Fermionic-noise images show 'spooky action at a distance'

May 1, 2005
Colorado researchers who reported the first observation of a fermionic condensate a little over a year ago have most recently used it to image quantum entanglement between pairs of laser-cooled potassium atoms.

Colorado researchers who reported the first observation of a fermionic condensate a little over a year ago have most recently used it to image quantum entanglementor what Einstein referred to as “spooky action at a distance”between pairs of laser-cooled potassium atoms. Fermionic condensates are also expected to provide clues for understanding the yet to be explained phenomena of high-temperature superconductivity, as well as the yet-to-be-achieved phenomena of room-temperature superconductivity. The technique used in the most recently reported experiments, based on measuring atom shot noise in a fermionic condensate, may ultimately provide a methodology for actually testing many of the ideas behind quantum physics.

Fermions (elementary particles with half-integer spin that form electrons, protons, and neutrons) can condense into fermionic condensates and behave according to Fermi-Dirac statistics, just as bosons (elementary particles with integer spin that form photons) can condense into Bose-Einstein condensates and behave according to Bose-Einstein statistics. Both of these quantum-mechanical statistical expressions are closely related to the classical Maxwell-Boltzmann statistics that describe the behavior of molecules in a gas. Unlike bosons, however, which can densely populate a single quantum state, fermions are regulated by the Pauli exclusion principle, which explains the discrete nature of atomic electron shells, but also prevents identical fermions from simultaneously occupying the same quantum state.

So while one might expect laser-cooled bosons to condense into a superfluidic Bose-Einstein condensate, the condensation of highly individualistic fermions into a superfluidic fermionic condensate is actually counterintuitive. Nevertheless, early last year a joint research team headed by Deborah Jin at the National Institute of Standards and Technology (NIST), JILA, and the University of Colorado at Boulder (all of Boulder, CO), used a magnetic field near a Feshbach resonance (where a molecular state has the same energy as colliding atoms) to induce laser-cooled fermions (potassium atoms) to pair up in a manner similar to the way in which electrons form the “Cooper pairs” that enable superconductivity in metals and alloys.1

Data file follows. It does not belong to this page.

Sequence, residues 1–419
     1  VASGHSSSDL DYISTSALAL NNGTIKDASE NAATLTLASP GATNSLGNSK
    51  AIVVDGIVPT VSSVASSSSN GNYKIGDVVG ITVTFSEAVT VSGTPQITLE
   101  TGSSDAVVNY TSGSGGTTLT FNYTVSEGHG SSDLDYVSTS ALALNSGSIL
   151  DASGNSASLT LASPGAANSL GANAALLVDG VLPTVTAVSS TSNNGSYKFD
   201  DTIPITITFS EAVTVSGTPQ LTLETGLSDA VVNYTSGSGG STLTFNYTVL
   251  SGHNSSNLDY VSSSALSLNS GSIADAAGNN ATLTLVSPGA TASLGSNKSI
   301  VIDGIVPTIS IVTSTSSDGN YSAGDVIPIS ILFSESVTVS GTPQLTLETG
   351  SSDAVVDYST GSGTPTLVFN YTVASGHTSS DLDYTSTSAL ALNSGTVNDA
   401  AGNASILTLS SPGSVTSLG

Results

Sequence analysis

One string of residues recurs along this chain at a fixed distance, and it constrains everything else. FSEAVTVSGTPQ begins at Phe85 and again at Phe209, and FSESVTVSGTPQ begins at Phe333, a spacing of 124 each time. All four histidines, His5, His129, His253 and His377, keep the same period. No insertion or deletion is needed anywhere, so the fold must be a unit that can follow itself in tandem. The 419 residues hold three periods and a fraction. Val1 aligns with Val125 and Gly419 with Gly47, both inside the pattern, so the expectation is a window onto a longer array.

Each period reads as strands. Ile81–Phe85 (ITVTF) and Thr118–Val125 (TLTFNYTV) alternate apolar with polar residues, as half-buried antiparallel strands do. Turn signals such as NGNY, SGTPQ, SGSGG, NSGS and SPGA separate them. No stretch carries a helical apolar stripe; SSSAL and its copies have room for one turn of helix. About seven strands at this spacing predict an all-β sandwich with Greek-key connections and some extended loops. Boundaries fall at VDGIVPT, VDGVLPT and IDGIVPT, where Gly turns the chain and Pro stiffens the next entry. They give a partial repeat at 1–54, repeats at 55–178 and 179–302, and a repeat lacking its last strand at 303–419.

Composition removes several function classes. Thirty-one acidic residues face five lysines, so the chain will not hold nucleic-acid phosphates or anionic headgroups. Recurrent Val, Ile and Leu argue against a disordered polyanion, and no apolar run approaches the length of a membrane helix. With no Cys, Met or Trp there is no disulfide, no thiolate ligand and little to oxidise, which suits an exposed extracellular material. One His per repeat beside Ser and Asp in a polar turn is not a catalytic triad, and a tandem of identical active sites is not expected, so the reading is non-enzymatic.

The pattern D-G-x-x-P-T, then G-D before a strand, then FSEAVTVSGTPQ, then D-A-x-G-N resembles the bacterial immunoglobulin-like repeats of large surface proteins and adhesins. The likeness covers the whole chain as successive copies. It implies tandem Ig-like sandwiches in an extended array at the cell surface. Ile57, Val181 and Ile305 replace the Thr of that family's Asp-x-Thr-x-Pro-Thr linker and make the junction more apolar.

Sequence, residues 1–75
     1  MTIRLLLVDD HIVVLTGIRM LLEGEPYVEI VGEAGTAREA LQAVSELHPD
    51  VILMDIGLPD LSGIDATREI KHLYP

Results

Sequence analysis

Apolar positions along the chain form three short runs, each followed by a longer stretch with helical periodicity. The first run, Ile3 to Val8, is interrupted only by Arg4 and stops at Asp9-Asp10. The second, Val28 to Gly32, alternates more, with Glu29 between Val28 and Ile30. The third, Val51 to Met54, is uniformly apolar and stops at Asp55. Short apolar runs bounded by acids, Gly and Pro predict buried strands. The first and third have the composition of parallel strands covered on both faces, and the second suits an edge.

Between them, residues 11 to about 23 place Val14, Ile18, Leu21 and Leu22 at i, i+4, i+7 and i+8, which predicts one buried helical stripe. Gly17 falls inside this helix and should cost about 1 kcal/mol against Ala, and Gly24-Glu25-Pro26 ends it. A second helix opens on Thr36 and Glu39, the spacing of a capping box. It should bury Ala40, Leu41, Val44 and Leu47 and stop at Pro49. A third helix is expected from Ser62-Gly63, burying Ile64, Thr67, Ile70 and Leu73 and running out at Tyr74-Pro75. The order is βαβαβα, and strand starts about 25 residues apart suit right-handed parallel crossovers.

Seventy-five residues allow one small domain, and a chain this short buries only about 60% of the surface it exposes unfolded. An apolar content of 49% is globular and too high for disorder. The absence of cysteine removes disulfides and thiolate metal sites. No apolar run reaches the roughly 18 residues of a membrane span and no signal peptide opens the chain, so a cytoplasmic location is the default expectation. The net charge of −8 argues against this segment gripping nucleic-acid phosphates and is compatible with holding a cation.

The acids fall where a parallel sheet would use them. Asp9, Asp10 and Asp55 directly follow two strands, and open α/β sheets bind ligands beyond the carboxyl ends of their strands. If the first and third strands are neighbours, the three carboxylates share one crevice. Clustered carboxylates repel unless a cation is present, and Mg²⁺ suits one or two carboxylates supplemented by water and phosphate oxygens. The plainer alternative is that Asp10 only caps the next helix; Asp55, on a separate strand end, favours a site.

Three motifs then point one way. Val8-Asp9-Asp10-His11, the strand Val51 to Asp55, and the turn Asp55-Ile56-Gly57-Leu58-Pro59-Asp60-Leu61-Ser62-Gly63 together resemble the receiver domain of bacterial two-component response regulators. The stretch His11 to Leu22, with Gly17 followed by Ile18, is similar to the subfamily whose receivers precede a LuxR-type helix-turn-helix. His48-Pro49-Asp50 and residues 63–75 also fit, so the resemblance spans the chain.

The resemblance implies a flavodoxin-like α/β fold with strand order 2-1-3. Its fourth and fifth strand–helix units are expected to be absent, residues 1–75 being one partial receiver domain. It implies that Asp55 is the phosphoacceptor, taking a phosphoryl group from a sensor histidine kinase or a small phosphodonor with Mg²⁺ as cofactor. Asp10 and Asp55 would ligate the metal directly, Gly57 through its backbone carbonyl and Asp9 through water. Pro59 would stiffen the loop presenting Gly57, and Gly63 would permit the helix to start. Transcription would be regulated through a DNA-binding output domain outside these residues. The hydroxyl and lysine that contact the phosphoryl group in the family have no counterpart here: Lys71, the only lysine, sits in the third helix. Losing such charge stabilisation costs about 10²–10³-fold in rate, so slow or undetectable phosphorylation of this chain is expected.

In the current work, Jin’s team has used a similar method to image noise distributions in entangled potassium atom pairs (see figure).2 The atoms were trapped in two groups, one group in the ground energy state of potassium and the other in the next highest energy state. Sweeping a Feshbach resonance magnetic field across the trapped mixture of the two groups caused atoms at different energy levels to pair up in weakly bound molecules. Subsequently increasing the magnetic field led the molecules to dissociate but not before creating quantum entanglements between atom pairs.

Long-range effects

Time-of-flight (TOF) absorption images of the noise distribution in the atom groups were taken by illuminating the atoms with a laser beam and recording shadow images of the scattered light on a CCD camera. Overlapping atom-pair correlations were observed by successive laser illuminations, each tuned to one of the two group energy levels. Displaced atom-pair correlations were also observed by using a radio-wave pulse to split the two groups into pairs of entangled atoms flying apart with equal momentum but in opposite directions. In both overlapping and displaced cases, noise distributions from the two energy-level groups yielded similar patterns, even when (in the second case) the groups were separated by as much as 350 µm. The results appear to offer significant potential for studying a variety of quantum and multiparticle phenomena, including Cooper pairs in an atomic Fermi gas, antiferromagnetic phases, and spin waves in optical lattices. There are a number of interesting quantum states that are not obviously seen if you just take a picture, Jin said. A Fermi condensate, for example, would not show up in an ordinary image. However, correlations between atoms should actually show up in the noise in these images.


1. C. A. Regal et al., Phys. Rev. Lett. 92, 040403 (Jan. 30, 2004).

2. M. Greiner et al., Phys. Rev. Lett. 94, 110401 (March 25, 2005).

About the Author

Hassaun A. Jones-Bey | Senior Editor and Freelance Writer

Hassaun A. Jones-Bey was a senior editor and then freelance writer for Laser Focus World.

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